- What is Sambar?
Sambar is a stew made with vegetables and lentils. It is cooked with spices and tamarind. Sambar is a popular dish in Southern India.
Sambar contains multiple vegetables, like okra, bottle gourd, drumsticks, eggplant, carrots, tomatoes, pumpkins, and several others.
Sambar is a protein packed stew because it is made from lentils. It is high on fiber due to the variety of vegetables it contains. Sambar is usually served with steamed rice or idli (a savory rice cake), dosa (a type of pancake or crèpe) or vada (a savory fried snack).
How is Sambar made?
In the traditional recipe, toor dal (pigeon pea lentil) is pressure cooked with turmeric, salt, and water. The vegetables are sautéed separately and then added to the cooked dal along with tamarind water or tamarind pulp. The spices are then tempered and added to the boiling dal.
Traditionally sambar is made with toor dal. However, some people also use a mix of tuvar/toor dal, moong (yellow mung lentils), or masoor dal (orange lentils).
I have attempted to make sambar in the instant pot and it turned out great. Again, my whole purpose is to simplify the cooking process. In this recipe, I have sautéed the whole spices and vegetables in the pot. Then, I have added the lentils and pressure cooked everything together in one pot. It is quick, convenient, and easy. Sambar has become a staple food in our home ever since I started incorporating this recipe.
It is very easy to put together in a short period of time. The kids love it too. It is packed with vegetables and protein… a full meal.
Vegetables: I use frozen diced okra, frozen drumsticks, frozen green beans, baby eggplants, tomatoes, onions, and carrots. I always stock up on frozen vegetables in my freezer. They come to my rescue in recipes like this one.
Sambar masala: I use ready-made store bought sambar powder/masala (MDH, Badshah, Everest..any one of them work perfectly well).
Tamarind concentrate: After trying tamarind paste, tamarind concentrate, and tamarind pulp, I firmed up on tamarind concentrate. Tamarind concentrate is easy to use and is convenient. It is a thick dark paste sold in small plastic tubs in most Indian stores. I normally use this for the convenience aspect. Additionally, I like the way it tastes in sambar. I also use it in other dishes that require tamarind.
Here is the detailed recipe. It is easy to make and very delicious. I personally prefer this to the sambar that I eat in restaurants. Please let me know how it turns out once you make it.
Instant Pot Sambar / Instant Pot Tangy South Indian Lentil Soup
- 2 tbsp oil of choice
- 1/2 tsp cumin seeds (jeera)
- 1 tsp mustard seeds (rai)
- 5 fenugreek seeds (methi seeds)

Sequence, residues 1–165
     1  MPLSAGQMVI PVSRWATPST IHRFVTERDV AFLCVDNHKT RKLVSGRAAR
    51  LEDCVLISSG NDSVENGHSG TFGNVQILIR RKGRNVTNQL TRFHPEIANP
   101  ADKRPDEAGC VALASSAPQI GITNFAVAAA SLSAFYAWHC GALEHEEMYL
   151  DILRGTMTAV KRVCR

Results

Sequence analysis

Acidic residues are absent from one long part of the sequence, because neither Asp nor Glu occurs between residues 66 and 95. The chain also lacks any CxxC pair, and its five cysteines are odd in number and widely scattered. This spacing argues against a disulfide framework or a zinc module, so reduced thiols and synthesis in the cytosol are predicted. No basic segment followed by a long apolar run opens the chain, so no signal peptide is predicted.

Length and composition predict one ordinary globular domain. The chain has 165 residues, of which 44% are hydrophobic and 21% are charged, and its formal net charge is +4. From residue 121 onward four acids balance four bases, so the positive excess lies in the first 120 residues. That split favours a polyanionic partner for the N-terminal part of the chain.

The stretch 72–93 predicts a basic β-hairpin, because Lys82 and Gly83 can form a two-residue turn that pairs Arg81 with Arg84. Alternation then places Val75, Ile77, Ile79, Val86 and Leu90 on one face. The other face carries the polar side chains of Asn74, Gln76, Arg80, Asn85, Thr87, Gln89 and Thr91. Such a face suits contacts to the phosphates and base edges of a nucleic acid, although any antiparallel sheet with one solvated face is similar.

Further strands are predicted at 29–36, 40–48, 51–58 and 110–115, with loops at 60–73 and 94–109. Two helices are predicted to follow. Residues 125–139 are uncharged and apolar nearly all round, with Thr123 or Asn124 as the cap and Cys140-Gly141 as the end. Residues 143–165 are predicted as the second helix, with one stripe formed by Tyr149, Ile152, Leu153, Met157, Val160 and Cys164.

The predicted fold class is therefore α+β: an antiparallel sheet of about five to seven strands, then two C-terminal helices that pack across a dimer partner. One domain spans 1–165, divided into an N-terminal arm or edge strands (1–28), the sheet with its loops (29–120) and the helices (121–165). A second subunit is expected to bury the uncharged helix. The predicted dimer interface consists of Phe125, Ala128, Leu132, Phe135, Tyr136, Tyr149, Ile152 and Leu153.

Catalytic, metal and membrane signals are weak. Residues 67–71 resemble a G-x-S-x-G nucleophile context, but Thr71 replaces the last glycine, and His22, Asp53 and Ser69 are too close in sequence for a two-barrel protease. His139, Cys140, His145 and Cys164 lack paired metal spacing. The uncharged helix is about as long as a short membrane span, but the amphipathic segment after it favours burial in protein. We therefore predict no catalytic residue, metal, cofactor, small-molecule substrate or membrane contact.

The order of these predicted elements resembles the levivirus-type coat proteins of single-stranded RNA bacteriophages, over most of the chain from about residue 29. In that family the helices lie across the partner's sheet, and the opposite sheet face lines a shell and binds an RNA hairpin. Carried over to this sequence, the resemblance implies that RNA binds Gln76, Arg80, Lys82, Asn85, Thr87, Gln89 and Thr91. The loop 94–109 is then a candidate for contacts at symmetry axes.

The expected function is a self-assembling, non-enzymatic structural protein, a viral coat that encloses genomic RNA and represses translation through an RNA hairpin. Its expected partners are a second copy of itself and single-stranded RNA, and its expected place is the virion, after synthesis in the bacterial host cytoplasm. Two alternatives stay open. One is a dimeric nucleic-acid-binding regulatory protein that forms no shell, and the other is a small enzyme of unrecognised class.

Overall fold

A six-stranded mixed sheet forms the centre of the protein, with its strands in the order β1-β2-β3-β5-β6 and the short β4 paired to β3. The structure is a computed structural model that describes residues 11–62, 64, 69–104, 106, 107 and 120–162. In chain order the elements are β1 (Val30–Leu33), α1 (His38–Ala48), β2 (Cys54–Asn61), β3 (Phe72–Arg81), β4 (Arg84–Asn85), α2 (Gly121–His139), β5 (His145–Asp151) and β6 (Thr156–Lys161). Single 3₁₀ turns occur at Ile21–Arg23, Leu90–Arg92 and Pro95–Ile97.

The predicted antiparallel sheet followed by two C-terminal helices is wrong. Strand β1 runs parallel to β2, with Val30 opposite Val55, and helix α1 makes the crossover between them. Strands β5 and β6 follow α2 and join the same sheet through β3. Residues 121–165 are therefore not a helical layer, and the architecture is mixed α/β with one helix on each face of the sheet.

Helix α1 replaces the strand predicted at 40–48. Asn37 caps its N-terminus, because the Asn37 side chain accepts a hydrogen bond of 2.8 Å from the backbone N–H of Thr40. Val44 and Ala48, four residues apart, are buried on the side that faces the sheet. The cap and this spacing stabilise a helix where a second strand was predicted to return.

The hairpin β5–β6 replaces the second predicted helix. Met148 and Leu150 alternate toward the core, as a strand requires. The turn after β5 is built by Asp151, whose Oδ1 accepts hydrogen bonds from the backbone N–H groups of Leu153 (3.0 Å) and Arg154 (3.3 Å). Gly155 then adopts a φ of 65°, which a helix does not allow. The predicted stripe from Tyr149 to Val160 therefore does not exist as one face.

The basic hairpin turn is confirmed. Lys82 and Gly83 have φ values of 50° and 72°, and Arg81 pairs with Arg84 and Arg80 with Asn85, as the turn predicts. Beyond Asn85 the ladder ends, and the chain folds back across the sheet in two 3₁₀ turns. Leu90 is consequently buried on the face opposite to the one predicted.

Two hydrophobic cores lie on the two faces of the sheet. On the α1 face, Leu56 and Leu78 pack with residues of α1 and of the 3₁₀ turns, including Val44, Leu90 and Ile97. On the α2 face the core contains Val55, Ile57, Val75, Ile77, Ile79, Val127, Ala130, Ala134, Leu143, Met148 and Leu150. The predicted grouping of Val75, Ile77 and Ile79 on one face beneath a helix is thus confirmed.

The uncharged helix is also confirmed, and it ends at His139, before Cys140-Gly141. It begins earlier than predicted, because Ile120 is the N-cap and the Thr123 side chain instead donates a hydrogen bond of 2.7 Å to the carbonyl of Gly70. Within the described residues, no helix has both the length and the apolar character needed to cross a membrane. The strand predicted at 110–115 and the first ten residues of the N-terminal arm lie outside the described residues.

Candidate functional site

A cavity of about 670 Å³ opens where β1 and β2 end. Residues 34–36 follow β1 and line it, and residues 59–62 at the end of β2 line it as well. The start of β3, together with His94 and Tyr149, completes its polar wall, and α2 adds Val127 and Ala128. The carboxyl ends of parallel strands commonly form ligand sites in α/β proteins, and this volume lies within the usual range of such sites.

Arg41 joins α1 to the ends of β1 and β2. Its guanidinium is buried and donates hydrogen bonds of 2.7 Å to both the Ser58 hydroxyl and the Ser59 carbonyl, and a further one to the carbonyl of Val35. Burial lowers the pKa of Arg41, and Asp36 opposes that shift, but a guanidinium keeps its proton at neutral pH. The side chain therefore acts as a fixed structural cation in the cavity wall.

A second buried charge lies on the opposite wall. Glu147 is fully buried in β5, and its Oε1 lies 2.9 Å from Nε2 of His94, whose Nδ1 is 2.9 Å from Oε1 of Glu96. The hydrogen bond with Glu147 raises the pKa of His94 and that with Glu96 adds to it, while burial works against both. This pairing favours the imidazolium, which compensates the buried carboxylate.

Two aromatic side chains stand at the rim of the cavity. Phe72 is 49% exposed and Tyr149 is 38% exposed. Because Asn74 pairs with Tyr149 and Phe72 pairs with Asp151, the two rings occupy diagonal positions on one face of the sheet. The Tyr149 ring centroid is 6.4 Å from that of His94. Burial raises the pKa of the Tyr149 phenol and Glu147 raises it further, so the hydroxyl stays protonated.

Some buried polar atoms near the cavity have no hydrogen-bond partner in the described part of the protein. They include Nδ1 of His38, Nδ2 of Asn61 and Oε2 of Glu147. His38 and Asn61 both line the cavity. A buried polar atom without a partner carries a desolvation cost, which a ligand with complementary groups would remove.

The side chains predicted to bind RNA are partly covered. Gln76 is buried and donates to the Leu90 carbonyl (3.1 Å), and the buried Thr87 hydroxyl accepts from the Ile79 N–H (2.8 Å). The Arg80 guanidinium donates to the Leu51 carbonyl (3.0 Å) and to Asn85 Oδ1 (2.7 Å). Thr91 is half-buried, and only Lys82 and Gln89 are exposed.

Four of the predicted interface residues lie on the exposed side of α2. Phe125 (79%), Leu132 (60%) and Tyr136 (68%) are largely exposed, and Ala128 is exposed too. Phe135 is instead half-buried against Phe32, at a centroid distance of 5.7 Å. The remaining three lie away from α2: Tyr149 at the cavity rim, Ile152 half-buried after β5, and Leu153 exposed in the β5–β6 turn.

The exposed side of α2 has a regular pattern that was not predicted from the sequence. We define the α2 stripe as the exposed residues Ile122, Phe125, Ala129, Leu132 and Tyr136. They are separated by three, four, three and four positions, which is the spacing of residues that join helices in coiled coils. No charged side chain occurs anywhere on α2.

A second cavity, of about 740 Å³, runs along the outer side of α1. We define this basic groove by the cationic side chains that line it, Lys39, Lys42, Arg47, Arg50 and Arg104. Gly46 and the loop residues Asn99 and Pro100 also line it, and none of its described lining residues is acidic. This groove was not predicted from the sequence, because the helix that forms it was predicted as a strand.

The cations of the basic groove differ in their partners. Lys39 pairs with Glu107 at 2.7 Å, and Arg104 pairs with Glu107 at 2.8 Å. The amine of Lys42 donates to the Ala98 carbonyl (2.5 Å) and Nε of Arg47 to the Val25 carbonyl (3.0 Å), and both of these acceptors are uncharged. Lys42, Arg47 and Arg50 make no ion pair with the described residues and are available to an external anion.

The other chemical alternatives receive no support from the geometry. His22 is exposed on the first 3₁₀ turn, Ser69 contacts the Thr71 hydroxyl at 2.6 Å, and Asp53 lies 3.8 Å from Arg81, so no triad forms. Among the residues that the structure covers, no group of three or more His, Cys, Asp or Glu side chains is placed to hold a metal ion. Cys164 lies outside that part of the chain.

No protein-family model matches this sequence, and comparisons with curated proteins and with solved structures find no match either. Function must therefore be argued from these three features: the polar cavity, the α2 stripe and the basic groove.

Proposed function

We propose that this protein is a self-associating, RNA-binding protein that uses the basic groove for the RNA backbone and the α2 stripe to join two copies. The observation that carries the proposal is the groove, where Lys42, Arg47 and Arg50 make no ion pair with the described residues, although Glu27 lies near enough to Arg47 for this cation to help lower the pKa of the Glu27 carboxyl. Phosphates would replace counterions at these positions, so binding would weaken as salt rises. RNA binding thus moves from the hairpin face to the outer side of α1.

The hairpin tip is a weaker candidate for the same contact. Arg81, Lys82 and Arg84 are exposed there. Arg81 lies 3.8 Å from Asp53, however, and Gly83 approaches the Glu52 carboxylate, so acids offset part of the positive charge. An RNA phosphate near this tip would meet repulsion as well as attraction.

- 8 curry leaves (kadi patta)
- 2 whole dried red chili peppers
- 1/4 tsp asafoetida (heeng)
- 1 finely chopped small red onion (roughly 1.5 cups chopped)
- 1/2 tsp ginger garlic paste (freshly minced or packaged)
- 2 small diced tomatoes
- 3 baby eggplants diced into 4 pieces each longitudinally
- 4 frozen drumsticks about 4 to 5 inch pieces
- 1/4 cup frozen okra diced
- 4 baby carrots chopped (I used baby carrots and chopped them in 2 pieces each)
- 3 frozen green beans chopped into 2 halves
- 4.5 tsp sambar powder
- 1/4 tsp red chili powder
(ground cayenne pepper) (optional)
- 4 cups water
- 2 and 1/4 tsp salt
- 1 cup toor dal
- 2 tsp tamarind concentrate
- 2 tbsp finely chopped fresh cilantro (for garnish)
- 1 tbsp dried coconut powder (for garnish) (desiccated)
- Rinse the dal a few times and discard the water.
- Wash and finely chop the onion and cilantro.
- Wash, dice, and chop the tomatoes and vegetables.
- Select sauté on the instant pot and adjust to normal.
- Add oil to the pot.
- When the oil is hot add the cumin seeds, mustard, and fenugreek seeds.
- When the seeds begin to splutter, add curry leaves, whole dried red chili peppers, and asafoetida.
- In 30 seconds, add the chopped onions and sauté. Stir to prevent the onions from burning.
- When the onions turn golden in roughly 2 to 4 minutes add the ginger garlic paste. Stir
- Add the diced tomatoes and sauté for a minute until they get mushy.
- Add the chopped vegetables and stir.
- Add the sambar powder, red chili powder, 1/2 cup water, and salt. Give it a good stir.
- Then add the toor dal, and remaining 3.5 cups water and stir well. Make sure nothing is stuck to the bottom of the pot and scrape the bottom of the pot well.
- Press cancel.
- Secure the lid on the pot.
- Select manual and cook at high pressure for 7 minutes.
- Use natural pressure release. The natural pressure release should take about 10 minutes.
- Open the lid.
- Add the tamarind concentrate. Stir well.
- Transfer in a serving bowl immediately.
- Garnish with cilantro and dried coconut. Serve with steamed rice, idli (savory rice cake) or dosa (type of pancake or crèpe originating from southern India)
- This recipe has been tried on a 6-quart instant pot. The proportions may vary depending on the size of the instant pot you choose to use.
- If you don’t eat very spicy food you can choose not to add the red chili powder.
- All the ingredients can be easily found in an Indian grocery store.
- Ground cayenne pepper and red chili powder can be used interchangeably as both of them make the dish spicy. So if you don’t have red chili powder you can use cayenne pepper instead.